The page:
Bonnie Raitt

Matriarch of the blues kicks off UK tour in assured style.

Bonnie Raitt playing guitar onstage with her live band.

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**Texan troubadour Jarrod **Dickenson appears relaxed and confident in the opening slot, his soulful Americana and laconic between-song asides quickly getting the audience hooked. With a rich tradition of storytelling running through his songs, it’s testament to the material that it requires no more than one man and his acoustic guitar to make it connect in this large hall. Bringing his wife along to duet for a couple of tunes doesn’t hurt matters of course, their voices intertwining beguilingly.

With more than 40 years in the business, Bonnie Raitt is a bona fide legend and her unhurried swagger as she saunters onto the stage suggests exactly that. Having played alongside the likes of Howlin’ Wolf and John Lee Hooker in the past, Raitt is enjoying a resurgence since her acclaimed comeback record Slipstream in 2012. Promoting current album, Dig In Deep, released in February this year, she opens with a reworking of the INXS hit Need You Tonight, transformed into a throbbing blues workout replete with sensuous slide guitar.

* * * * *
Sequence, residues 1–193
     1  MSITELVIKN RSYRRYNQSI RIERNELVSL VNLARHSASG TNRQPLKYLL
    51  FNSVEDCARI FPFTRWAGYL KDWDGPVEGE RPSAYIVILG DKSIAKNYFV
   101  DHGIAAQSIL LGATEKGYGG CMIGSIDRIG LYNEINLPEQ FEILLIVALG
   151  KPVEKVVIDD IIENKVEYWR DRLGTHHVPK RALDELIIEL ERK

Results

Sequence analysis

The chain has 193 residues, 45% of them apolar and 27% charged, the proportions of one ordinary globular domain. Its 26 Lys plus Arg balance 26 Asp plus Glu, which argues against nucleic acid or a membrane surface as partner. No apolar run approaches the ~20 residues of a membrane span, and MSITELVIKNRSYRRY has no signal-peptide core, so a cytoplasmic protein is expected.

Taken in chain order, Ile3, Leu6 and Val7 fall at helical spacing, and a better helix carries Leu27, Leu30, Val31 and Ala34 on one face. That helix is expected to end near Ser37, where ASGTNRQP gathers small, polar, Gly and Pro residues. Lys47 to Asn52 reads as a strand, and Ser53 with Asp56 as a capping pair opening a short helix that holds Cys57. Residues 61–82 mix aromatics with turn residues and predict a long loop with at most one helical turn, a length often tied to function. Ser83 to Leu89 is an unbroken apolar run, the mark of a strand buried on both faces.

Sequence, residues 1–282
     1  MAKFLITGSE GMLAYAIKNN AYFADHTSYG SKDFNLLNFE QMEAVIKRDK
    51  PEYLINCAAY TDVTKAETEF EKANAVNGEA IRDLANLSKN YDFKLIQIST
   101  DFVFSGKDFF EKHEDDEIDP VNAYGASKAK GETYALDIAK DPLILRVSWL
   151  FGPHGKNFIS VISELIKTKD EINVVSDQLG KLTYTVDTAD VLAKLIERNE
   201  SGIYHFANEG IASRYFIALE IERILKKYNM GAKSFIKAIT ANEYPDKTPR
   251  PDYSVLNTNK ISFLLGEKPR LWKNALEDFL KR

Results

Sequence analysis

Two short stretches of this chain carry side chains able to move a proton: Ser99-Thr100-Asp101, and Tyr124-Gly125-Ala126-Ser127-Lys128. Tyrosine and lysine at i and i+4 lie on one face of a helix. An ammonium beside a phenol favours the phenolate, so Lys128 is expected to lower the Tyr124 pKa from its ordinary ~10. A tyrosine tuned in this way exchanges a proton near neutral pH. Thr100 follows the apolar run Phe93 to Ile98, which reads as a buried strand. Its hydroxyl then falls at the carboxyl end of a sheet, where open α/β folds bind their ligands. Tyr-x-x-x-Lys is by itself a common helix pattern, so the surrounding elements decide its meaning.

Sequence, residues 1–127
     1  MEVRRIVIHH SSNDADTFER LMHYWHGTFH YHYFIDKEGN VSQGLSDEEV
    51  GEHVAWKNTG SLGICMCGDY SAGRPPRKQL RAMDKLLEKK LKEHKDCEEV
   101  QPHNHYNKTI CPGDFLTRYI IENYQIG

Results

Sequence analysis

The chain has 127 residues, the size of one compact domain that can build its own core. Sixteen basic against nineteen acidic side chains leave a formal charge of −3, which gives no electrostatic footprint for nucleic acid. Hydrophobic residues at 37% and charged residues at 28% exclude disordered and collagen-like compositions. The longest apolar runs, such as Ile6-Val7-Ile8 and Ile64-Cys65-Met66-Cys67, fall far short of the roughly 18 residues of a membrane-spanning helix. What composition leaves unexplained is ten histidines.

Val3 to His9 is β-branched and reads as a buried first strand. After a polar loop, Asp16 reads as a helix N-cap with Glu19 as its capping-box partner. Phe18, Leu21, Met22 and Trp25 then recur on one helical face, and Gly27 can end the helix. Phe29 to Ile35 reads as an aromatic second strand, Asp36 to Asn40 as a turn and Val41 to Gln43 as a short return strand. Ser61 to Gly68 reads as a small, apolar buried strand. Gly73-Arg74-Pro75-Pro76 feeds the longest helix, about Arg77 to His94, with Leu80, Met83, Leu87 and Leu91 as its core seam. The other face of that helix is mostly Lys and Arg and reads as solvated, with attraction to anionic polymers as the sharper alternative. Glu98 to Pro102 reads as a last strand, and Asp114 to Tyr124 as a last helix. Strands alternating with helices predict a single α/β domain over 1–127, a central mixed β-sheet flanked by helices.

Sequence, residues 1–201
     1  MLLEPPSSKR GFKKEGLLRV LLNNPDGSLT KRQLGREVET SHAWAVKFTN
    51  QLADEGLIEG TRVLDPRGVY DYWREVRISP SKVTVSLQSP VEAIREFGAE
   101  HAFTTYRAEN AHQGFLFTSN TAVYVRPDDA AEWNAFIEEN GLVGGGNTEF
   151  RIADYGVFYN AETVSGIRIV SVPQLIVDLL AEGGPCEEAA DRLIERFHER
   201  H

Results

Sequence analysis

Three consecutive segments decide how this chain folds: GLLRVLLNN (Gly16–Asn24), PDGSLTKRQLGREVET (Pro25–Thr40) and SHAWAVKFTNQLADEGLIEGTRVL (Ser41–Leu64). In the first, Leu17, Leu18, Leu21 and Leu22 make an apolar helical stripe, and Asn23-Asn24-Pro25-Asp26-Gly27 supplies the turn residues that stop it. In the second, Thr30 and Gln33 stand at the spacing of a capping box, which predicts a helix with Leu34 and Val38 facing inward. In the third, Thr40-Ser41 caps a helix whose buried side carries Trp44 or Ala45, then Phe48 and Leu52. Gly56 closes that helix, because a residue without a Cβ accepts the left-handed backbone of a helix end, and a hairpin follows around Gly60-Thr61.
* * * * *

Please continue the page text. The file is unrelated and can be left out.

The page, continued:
Raitt is a bona fide legend and her swagger suggests exactly that.

Tonight’s set is lightly peppered with tracks from the new record – including the funky shuffle of What You’re Doin’ To Me and unrepentant ode to the road Gypsy In Me – but there are some eclectic covers, too. Gerry Rafferty’s Right Down The Line sits alongside John Prine’s ballad Angel From Montgomery, Raitt’s blues heritage being underscored with Sippie Wallace’s Women Be Wise and an acoustic rendition of JB Lenoir’s Round And Round .

Naturally, such a seasoned pro has surrounded herself with an outstanding band, guitarist George Marinelli, bassist James Hutchinson, drummer Ricky Fataar and keyboardist Mike Finnigan bringing a little barroom grit to what is a relatively sedate setting. Finnigan even steps into the spotlight briefly, taking lead vocal and Hammond duties on a feisty version of BB King’s Don’t Answer The Door.

Such a lengthy career allows the cherry-picking of some classics too, the seductive groove of Something To Talk About complimenting the old-school blues of Everybody’s Crying Mercy. But it wouldn’t be a Bonnie Raitt show without her huge mainstream hit I Can’t Make You Love Me, a song she tells the audience is “just as important to me as it is to you”. Saved for the encore and just as spellbinding as ever, it’s countered by the bluesy stomp of Love Sneakin’ Up On You, just to make sure you leave with that unmistakable slide guitar ringing in your ears.